04 April 2008
I'm going to assume you are referring to how much neck tension I use.
I use only as much neck tension as is necessary to push the bullet firmly up into the throat so that it is sealed before it is fired. I seat the bullet out far enough that it pushes back into the case neck around .020” when the bolt closes into battery. When it pushes back, you are then sure it got shoved up into the freebore so that the freebore of the throat can now guide the back end of the bullet as it moves out of the case.
I throat my guns so that only the gas check and a little more of the bullet is in the neck before I chamber it. The case is only used to introduce the bullet to the neck and not to guide it upon firing. That job is done by the throat which is solid and lined up with the bore better than the case.
If you get too much neck tension, your hand will get sore forcing the bolt closed and pushing the shell into the chamber. Also, it's hard on the locking lugs and they will soon gall if you force them to push the bullet in too hard. Additionally, if you use too much neck tension, soft and medium hard bullets can be sized undersize by the neck and you lose control of you bullet dia.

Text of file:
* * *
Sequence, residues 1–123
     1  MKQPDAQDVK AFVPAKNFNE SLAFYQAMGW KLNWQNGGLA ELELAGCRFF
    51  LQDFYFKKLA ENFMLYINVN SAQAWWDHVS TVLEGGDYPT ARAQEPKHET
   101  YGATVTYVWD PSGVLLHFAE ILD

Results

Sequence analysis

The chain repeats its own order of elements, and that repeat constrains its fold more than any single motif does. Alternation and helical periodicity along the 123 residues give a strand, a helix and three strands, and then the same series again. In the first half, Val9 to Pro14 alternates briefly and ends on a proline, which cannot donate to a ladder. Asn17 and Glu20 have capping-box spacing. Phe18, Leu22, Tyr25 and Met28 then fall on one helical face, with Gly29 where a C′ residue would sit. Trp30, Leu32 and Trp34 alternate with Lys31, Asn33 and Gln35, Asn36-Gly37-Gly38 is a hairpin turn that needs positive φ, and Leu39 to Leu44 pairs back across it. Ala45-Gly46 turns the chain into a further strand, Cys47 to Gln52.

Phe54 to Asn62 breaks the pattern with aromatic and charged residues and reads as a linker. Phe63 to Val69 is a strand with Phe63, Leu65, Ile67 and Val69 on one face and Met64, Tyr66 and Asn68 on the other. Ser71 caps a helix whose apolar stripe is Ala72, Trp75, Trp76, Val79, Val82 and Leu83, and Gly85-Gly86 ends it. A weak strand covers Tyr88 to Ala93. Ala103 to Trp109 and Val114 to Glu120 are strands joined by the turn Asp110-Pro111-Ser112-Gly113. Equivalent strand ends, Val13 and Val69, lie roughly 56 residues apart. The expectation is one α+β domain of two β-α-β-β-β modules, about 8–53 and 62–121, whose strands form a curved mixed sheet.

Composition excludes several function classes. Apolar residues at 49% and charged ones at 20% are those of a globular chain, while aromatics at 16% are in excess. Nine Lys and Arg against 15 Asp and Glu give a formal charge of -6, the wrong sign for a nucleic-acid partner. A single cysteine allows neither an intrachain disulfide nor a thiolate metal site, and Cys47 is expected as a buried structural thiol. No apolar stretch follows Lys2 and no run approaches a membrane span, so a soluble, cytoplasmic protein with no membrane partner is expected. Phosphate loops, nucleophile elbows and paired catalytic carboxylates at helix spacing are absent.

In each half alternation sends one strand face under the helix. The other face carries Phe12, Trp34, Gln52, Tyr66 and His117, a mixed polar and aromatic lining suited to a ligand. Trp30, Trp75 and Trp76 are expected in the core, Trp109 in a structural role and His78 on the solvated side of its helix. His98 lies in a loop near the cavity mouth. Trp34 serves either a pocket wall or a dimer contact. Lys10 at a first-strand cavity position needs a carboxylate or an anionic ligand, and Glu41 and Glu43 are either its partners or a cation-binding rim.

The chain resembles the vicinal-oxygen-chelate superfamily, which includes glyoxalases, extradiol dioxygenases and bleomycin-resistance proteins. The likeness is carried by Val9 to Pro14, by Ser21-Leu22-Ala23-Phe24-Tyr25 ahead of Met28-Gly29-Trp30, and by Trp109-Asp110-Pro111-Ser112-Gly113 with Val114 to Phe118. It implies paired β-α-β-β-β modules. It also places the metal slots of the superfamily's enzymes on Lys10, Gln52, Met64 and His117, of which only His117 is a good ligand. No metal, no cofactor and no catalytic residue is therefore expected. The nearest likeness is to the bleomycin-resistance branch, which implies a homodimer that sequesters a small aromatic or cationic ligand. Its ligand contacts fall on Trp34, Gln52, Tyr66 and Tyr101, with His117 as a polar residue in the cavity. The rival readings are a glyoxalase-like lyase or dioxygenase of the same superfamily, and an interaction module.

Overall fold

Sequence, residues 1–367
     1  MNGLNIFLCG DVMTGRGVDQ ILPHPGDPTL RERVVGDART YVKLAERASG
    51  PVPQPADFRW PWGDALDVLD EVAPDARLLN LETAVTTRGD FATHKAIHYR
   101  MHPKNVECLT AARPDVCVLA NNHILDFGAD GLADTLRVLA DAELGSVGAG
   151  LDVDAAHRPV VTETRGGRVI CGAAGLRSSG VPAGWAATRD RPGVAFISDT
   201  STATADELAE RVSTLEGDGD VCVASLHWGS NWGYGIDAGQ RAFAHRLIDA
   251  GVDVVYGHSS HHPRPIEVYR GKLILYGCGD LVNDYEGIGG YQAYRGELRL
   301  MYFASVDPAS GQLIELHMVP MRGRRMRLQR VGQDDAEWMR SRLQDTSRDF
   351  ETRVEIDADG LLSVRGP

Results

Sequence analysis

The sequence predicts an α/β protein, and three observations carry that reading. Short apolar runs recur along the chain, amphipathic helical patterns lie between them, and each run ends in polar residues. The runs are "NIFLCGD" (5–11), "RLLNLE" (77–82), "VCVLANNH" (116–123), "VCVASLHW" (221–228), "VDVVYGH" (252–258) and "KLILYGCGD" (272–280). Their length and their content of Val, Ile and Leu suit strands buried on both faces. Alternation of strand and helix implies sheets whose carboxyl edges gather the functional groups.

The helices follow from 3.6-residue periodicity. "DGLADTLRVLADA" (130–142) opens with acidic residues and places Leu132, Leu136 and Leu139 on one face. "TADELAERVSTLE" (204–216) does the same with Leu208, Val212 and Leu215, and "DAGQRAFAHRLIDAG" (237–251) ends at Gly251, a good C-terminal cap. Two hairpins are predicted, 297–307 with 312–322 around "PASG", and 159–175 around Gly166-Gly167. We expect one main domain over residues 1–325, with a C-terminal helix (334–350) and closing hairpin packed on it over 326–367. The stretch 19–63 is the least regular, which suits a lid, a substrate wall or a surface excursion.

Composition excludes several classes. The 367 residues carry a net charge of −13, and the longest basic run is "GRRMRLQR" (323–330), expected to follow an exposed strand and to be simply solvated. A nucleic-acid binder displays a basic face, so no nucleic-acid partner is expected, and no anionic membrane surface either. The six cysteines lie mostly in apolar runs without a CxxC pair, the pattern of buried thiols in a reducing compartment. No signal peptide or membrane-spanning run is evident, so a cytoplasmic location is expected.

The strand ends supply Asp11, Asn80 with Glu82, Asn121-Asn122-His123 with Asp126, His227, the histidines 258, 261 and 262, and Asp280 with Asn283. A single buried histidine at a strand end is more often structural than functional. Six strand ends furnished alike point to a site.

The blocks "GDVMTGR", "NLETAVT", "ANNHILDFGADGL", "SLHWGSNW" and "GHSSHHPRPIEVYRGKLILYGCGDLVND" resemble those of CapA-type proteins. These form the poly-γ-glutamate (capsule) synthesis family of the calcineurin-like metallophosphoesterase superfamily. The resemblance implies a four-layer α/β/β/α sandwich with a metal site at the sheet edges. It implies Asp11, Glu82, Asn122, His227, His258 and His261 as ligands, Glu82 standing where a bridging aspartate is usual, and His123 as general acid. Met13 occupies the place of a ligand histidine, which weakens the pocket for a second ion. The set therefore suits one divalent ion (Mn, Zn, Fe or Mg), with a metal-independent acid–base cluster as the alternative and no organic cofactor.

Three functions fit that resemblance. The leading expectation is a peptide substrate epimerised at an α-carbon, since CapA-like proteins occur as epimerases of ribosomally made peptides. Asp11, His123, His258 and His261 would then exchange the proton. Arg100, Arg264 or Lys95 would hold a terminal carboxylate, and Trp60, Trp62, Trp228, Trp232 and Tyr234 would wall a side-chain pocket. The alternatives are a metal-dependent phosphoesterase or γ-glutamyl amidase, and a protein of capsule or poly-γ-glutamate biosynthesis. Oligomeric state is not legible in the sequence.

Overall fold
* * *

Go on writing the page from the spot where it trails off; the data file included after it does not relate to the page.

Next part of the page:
Some may want to size the bullet so that is slips into the throat more easily without so much force by the bolt. To check to see if you are getting a slight interference fit in the straight cylindrical part of the throat, simply pull a round back out and examine the first driving band on the bullet and you should see a witness mark there indicating that it did seal up and size down slightly when pushed up into the throat by the case. If you don't see anything start increasing sized dia. in .0001” increments till you see the witness mark.
When you achieve a fit like this, the bullet will obturate (not obdurate) right away and seal off gasses from escaping along side of it and damaging the bullet and stripping the lube from the bullet before it enters the bore.
I once set a gun up for a man who had a slight build and small hands. He had trouble forcing the bolt closed and got sore hands shooting a match. I have big strong hands and it was OK for me. Everybody's mileage varies.
This system takes advantage of the fact that the throat holds the bullet securely rather than to rely on the case neck to do it. Incidentally, I use tight neck chambers that require the case necks to be turned to .001” clearance in the neck of the chamber with a seated cast bullet. Since bullets are quite malleable, I've gotten away with zero neck clearance but I wouldn't recommend any else to try that.